Interview With Clark Kokich of Razorfish on Advertising Technology | Adweek Interview With Clark Kokich of Razorfish on Advertising Technology | Adweek
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Advertising Isn’t Rocket Science

Razorfish's Clark Kokich on buzzwords and a ‘damn good question’

Clark Kokich of Razorfish | Source: Getty Images

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Adweek: As chairman, how involved are you day-to-day at Razorfish?
Clark Kokich: I’m working half-time there. I’ve been here for 12 years, so I do some client work and some new business work. I’m also working on a book.

A book?
It’s about marketing, but it’s not really a Razorfish book. It’s actually going to be a tablet app coming out in the fall. There’s a book portion for people who like words, but it will include interactivity.

An app book. That’s new to me.
I hope this is the first one. It won’t be the best one because it’s the first one, but then everyone else can build off of the concept.

You just took a board seat at a startup called Rocket Fuel. You mentioned you’ve been approached by many promising ad companies and chose this one. What about the company caught your eye?
The fact is, everybody in our industry talks about using technology to deliver value in real time, and it turns out it's extraordinarily difficult to do. When I looked under the hood at Rocket Fuel, I discovered that these guys were actually doing it. They come from a very scientific background. We like to say, "It’s not rocket science," but it’s actually turning out to be rocket science, and it helps to have rocket scientists doing the work. 

Rocket science, eh? I see that some of Rocket Fuel’s founders have backgrounds at NASA. Can you explain how one might apply rocket science to advertising?
When you look at all the inputs we have to deal with in terms of banners, search, social, and mobile, the cascade of data is overwhelming. Up until I met these guys I hadn’t seen a company that had the wherewithal to take that avalanche of data, make it meaningful, and use it in real time. One of the biggest challenges we face is the overwhelming amount of data and inability of people and systems to process it and make it meaningful. That’s what they’re working on. They haven’t totally solved it yet, but they’ve made more progress than anyone else I’ve seen.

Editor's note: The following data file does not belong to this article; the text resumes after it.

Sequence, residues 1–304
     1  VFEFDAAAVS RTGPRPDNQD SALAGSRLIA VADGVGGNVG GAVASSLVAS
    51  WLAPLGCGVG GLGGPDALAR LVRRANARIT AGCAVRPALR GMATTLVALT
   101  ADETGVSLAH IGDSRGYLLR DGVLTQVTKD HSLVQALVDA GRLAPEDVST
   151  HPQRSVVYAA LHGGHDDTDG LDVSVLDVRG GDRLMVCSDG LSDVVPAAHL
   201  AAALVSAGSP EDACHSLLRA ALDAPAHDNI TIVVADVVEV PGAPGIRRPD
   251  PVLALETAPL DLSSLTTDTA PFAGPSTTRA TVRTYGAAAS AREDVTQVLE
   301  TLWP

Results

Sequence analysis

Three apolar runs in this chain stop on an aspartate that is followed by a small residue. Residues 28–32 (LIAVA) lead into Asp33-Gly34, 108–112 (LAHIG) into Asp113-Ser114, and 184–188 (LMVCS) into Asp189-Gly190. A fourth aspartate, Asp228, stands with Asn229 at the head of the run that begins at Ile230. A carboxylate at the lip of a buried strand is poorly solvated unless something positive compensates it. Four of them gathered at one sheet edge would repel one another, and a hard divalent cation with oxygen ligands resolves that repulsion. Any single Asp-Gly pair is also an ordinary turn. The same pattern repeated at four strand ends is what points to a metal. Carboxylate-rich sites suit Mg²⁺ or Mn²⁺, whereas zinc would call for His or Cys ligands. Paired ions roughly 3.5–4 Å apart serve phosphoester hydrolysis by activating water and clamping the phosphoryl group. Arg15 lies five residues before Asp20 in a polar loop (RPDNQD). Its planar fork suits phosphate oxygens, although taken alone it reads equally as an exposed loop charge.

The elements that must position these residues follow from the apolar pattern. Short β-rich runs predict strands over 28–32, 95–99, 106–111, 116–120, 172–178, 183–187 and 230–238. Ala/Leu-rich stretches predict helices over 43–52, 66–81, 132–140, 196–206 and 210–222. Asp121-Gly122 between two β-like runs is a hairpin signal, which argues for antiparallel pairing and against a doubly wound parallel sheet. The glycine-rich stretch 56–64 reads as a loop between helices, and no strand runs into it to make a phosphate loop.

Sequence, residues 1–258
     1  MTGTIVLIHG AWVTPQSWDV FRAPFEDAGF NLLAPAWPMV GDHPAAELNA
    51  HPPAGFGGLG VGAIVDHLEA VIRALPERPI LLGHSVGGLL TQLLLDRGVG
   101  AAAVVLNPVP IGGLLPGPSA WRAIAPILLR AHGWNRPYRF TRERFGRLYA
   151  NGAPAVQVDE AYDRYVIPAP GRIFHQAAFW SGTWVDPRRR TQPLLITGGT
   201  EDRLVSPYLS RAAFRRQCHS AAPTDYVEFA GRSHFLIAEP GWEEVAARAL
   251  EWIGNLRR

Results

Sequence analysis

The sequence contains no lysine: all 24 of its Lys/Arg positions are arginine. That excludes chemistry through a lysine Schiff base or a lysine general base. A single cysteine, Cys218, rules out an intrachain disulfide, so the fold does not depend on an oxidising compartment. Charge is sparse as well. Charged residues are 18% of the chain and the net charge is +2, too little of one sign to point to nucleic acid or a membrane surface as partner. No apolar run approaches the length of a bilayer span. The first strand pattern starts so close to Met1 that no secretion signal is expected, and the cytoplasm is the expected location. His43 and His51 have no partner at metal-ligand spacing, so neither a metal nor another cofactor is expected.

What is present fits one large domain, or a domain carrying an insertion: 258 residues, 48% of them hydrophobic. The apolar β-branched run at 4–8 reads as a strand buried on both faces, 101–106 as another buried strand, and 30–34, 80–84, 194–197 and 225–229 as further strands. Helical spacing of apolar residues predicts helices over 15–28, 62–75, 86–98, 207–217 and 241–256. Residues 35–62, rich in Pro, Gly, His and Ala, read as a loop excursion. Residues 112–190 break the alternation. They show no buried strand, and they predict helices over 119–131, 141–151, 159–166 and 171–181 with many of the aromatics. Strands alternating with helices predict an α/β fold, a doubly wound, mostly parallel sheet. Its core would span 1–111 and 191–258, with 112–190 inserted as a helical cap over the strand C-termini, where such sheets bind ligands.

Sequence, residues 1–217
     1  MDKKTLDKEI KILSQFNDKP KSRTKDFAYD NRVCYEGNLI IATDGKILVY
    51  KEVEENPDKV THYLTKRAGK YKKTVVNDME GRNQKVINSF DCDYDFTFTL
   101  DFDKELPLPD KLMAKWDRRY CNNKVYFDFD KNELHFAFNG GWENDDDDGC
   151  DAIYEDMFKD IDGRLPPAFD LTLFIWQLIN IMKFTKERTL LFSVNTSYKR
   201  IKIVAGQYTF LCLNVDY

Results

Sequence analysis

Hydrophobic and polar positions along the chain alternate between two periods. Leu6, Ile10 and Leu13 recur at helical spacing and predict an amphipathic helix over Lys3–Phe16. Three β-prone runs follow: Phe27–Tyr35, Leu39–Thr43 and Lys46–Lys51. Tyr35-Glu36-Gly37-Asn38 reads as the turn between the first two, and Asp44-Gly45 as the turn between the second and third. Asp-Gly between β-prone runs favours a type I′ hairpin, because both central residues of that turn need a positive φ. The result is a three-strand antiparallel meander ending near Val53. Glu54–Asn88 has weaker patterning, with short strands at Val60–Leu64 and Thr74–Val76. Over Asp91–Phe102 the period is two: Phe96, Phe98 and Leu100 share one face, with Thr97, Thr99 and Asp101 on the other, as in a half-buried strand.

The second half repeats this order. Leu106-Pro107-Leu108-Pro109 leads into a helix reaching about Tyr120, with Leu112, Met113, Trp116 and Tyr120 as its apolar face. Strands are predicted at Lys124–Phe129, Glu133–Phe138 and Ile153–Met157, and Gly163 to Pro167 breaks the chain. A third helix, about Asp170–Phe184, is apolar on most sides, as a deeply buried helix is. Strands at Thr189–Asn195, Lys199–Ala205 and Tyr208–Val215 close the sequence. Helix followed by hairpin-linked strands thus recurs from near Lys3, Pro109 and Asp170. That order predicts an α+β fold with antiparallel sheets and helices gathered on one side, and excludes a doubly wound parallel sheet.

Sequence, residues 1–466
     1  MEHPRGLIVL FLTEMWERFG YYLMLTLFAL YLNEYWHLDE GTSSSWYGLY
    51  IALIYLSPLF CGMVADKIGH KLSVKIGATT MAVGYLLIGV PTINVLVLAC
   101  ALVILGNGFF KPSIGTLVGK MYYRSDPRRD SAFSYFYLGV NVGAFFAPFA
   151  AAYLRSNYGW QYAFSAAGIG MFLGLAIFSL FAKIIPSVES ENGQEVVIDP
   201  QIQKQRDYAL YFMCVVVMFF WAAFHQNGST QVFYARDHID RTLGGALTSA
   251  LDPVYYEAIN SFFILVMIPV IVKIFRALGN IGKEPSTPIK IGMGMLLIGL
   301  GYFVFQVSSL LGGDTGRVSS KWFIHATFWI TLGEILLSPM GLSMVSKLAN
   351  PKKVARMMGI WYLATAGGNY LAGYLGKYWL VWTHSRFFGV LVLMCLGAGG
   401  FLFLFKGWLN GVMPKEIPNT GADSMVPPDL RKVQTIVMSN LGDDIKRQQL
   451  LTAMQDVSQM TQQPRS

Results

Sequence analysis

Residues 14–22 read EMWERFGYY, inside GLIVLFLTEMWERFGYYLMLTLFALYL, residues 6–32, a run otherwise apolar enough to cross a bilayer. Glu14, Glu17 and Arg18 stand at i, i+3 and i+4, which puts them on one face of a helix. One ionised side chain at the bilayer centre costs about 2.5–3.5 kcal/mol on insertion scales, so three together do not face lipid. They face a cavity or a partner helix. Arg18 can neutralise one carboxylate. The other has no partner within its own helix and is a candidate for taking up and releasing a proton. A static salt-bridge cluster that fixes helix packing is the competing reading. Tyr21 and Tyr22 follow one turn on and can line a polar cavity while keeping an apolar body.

Complaints about the lack of dollars flowing into digital advertising are that digital ads don’t present their metrics in a way advertisers are used to. How does Rocket Fuel address that?
That’s one thing they’ve innovated in. They can optimize in real time based on brand awareness.

That’s a lot of buzzwords. What exactly does that mean?
(Laughs) I understand. The first time they approached me, I was like, “Yeah, fine, I’ve heard this 500 times before,” but when I looked closer, it was clear they were really pulling it off. It means that during the campaign they deliver surveys (to viewers of an ad) and track the change in awareness (of the brand), and from there they can figure out what targeting scheme changes impressions of the brand in the biggest way. They’re tracking which of those are changing peoples’ preference and awareness of the brand.

Is this in any way strategic for Razorfish?
No. Rocket Fuel could be a partner for an agency. Certainly the agency channel is their biggest channel.

Would Razorfish benefit from owning a real-time digital media buying company like Rocket Fuel?
I can’t comment on that.

So what do you think, in general, needs to happen for TV dollars to move over to digital?
That’s a damn good question. I’m not in the business of trying to figure out how TV dollars come over to digital; I’m in the business of thinking about how clients should build their brands. And there’s no question that television will continue to be huge for the advertising industry. The one thing it provides that digital cannot provide is scale. Once the scale of online video is competitive with the scale of television, then you’ll see dramatic changes. TV is still the only medium in video where you can decide to talk to people and know that in a few weeks they’ll have heard it, and in a very compelling way with sound and motion. There’s a lot you can do with online video and it's very effective, but I think scale will tip the balance.